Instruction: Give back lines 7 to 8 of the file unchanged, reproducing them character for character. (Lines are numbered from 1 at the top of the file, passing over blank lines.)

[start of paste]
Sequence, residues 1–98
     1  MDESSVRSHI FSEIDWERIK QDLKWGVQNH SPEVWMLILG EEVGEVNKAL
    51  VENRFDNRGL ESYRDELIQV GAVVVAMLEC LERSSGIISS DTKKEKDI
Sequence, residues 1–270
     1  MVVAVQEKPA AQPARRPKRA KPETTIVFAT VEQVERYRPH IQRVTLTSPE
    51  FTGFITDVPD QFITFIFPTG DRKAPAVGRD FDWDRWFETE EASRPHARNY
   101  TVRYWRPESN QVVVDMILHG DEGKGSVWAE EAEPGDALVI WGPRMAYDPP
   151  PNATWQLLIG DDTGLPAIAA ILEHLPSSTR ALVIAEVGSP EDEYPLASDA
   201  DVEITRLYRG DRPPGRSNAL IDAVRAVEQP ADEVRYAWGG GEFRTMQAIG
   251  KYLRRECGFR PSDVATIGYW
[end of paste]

   101  TVRYWRPESN QVVVDMILHG DEGKGSVWAE EAEPGDALVI WGPRMAYDPP
   151  PNATWQLLIG DDTGLPAIAA ILEHLPSSTR ALVIAEVGSP EDEYPLASDA